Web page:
Cagla Baktiroglu is a graduate from CCMH, is now working at one of the largest sports medicine clinics in the country. She also visits a few clients in their homes on a monthly basis.
When Cagla is not busy with her work, she plays hockey and recently competed in the Women’s World Championships Division 2 Group B, in Akureyri, Iceland.
We’ve spoken with Cagla before about her experience as a kinesiology student finding her calling in Massage Therapy. Today she joins us to talk about the benefits of Massage Therapy for hockey players like herself.
Cagla, thanks for answering some questions for us! What injuries are most common among hockey players?
Hockey is a very demanding sport and, without proper preparation, it can be very hard on the body — even for the goalies. The injury really depends on the level of participation (contact or non), position played, pre-existing injury, equipment worn, and general aggression of the participating player. For example, in contact games, dislocated shoulders are common.
Outside of concussions, ice hockey players are most prone to lower body injuries. Due to the mechanics of the skating stride – pushing off the inside edge with external (outward) knee rotation – the hip joint and knee joints will sustain the greatest amount of soft tissue damage and wear. Sprains and strains are common, reported as groin strains and torn meniscus. Also reported is general tightness of iliotibial bands, hamstrings, gluteals and hip flexors.
Why would you recommend Massage Therapy to hockey players and other athletes?
Massage Therapy can prevent muscle and joint injuries, boost performance, and extend a player’s career. Keeping muscles operating at their optimal length and strength can keep injuries at bay throughout the season.
Rest and recovery for any athlete is just as important as the active training. Massage Therapy will work to decrease healing time, reduce swelling, increase/maintain flexibility and range of motion, reduce delayed onset muscle soreness, increase relaxation and/or excitation of tissues and break down scar tissue from old injuries.
More and more athletes are understating the benefits and are incorporating Massage into their training regiments.
Think about it like your car – you don’t just fix it when the engine breaks down, you make sure to keep it maintained to avoid any big issues. Massage Therapy is very much like this and being used by all kinds of athletes for its preventative and maintenance abilities.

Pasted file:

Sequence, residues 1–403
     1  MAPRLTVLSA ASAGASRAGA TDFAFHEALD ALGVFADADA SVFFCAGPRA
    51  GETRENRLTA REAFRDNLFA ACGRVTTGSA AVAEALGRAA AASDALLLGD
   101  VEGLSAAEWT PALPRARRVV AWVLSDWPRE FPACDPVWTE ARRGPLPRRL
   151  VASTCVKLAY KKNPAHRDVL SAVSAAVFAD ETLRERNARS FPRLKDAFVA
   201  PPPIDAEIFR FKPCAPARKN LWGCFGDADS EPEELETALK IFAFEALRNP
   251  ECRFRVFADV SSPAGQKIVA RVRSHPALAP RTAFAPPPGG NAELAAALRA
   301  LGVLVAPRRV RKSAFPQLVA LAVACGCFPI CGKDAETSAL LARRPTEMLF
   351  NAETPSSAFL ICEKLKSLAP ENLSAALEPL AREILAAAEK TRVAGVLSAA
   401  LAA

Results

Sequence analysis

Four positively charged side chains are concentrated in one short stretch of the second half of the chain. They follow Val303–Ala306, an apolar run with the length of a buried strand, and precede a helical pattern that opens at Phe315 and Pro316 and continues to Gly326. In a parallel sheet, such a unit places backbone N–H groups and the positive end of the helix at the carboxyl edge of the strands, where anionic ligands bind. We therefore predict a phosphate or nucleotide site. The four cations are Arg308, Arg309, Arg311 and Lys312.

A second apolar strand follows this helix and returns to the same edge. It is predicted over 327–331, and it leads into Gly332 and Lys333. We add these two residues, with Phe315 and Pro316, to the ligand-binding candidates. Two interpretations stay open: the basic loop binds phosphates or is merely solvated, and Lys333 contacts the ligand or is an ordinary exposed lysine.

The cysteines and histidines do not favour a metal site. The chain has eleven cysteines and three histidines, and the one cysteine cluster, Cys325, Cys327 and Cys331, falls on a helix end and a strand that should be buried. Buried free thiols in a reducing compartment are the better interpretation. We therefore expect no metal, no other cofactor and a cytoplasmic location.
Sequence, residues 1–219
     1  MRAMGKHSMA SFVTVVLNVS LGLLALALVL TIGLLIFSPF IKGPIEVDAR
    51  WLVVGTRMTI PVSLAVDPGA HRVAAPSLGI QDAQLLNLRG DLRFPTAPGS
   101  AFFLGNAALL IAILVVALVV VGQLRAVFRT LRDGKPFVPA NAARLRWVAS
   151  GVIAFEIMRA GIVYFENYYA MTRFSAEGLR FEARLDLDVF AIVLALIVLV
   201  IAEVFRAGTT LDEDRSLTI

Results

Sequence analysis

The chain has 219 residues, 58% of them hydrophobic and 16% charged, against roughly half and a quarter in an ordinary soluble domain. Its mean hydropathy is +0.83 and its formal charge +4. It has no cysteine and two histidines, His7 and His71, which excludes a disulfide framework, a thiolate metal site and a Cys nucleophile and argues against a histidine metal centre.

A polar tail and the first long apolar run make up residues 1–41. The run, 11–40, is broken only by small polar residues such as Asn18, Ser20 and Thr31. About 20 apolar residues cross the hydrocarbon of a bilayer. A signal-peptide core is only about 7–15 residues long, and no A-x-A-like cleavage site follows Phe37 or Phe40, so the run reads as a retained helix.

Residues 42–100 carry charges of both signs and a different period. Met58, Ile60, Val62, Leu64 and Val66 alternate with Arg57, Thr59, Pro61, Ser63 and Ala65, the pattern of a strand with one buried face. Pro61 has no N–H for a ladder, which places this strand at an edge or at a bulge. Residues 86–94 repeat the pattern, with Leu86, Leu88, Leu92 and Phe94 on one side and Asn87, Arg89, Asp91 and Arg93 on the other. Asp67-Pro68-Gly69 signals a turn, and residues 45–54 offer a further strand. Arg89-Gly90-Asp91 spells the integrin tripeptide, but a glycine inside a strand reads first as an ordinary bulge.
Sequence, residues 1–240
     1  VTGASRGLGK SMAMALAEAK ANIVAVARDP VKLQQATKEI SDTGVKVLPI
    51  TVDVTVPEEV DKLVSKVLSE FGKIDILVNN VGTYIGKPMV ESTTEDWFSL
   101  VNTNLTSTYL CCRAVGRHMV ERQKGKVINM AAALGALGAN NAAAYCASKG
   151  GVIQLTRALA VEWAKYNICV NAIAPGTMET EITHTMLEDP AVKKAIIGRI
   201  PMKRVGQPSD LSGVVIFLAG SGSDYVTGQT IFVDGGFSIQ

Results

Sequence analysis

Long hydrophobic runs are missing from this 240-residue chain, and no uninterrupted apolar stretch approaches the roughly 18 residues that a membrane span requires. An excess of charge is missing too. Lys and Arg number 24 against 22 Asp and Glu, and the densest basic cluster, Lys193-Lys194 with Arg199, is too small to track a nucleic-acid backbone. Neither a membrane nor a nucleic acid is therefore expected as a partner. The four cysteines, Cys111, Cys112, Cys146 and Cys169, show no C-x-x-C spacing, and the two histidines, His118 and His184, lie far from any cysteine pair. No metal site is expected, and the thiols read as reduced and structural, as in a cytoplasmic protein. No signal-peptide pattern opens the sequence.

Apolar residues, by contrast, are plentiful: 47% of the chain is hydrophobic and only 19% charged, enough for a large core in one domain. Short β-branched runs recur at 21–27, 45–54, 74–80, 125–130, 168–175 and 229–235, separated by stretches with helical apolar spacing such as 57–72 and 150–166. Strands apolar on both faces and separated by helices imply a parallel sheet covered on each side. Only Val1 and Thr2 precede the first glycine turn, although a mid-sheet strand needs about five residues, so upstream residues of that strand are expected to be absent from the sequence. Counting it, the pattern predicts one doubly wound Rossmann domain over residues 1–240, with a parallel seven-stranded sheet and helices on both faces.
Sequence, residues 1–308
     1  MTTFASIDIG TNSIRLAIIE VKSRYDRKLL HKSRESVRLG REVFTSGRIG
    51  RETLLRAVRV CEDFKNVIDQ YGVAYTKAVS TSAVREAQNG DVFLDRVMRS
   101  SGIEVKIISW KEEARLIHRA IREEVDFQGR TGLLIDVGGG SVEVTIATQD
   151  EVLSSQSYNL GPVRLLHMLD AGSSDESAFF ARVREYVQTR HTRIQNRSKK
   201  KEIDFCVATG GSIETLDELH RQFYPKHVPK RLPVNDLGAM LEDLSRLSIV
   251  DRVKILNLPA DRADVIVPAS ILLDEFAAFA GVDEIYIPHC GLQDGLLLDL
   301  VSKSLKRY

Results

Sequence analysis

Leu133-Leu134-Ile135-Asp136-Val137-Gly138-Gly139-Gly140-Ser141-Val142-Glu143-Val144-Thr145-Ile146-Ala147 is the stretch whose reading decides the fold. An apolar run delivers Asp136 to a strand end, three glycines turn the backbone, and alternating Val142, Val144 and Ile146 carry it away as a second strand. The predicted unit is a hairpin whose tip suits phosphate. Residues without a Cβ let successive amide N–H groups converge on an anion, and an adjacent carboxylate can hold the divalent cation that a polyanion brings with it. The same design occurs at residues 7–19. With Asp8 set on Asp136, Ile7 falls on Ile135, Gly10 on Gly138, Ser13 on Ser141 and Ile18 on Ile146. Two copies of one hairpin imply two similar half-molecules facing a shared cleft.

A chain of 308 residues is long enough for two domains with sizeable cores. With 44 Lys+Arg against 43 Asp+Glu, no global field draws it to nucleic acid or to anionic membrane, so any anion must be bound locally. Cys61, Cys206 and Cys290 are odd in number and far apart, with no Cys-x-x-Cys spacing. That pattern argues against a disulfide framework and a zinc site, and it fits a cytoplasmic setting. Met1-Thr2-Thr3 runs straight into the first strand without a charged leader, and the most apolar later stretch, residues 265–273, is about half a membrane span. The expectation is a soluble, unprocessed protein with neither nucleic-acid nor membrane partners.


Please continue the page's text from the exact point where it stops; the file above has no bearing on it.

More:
That’s a great analogy. Did Massage Therapy improve your own athletic performance? How so?
Massage Therapy has helped my performance, on and off the ice. The greatest application of Massage Therapy for me has been its use in breaking down scar tissue from previous injuries and increasing flexibility. These are very important things for keeping me in the game!
Is there a specific massage routine you may recommend for hockey players? (i.e. Post-game, pre-game, twice a week, etc.)
Like any treatment or exercise, a specific routine or treatment schedule will depend on the player and their performance needs.
As a weekend warrior, it is recommended to receive therapy every three weeks. This is dependent on the player completing remedial exercises or ‘homework’ exercises on their own. Without this self-motivation, treatment every other week could have ideal benefits for the player.
As a competitive athlete, it would be ideal to have a RMT on staff who could perform pre-game and/or post game treatments, although this is not the case for most. Once a week is recommended for those who are competing throughout the week. This is also dependant on the compliance with remedial home exercises.
Sometimes Massage Therapy can be uncomfortable, so it is important to coordinate with recovery days and make sure your therapist understands your needs and training schedule.
Just be aware, these are just guidelines, many variables may affect your treatment schedule set up and agreed upon with your therapist.
Any other advice you have for hockey players and/or athletes who are not necessarily taking good care of their bodies?
Drink more water than you think is enough and maintain flexibility. We focus so much on our specific sport that mobility usually takes a hit. Being unable to touch your toes or reach behind your back are good indicators that it might be time to focus on your range of motion and mobility.
Thanks so much for joining us and sharing your experiences both personal and professional when it comes to Massage Therapy and hockey!
Interested in pursuing a career as a Massage Therapist who wants to work with athletes? It’s easier than you think! Email us at [email protected]! Learn about our other students who found their path at CCMH by checking out our blog. Follow us on Facebook and Twitter for more inspiration!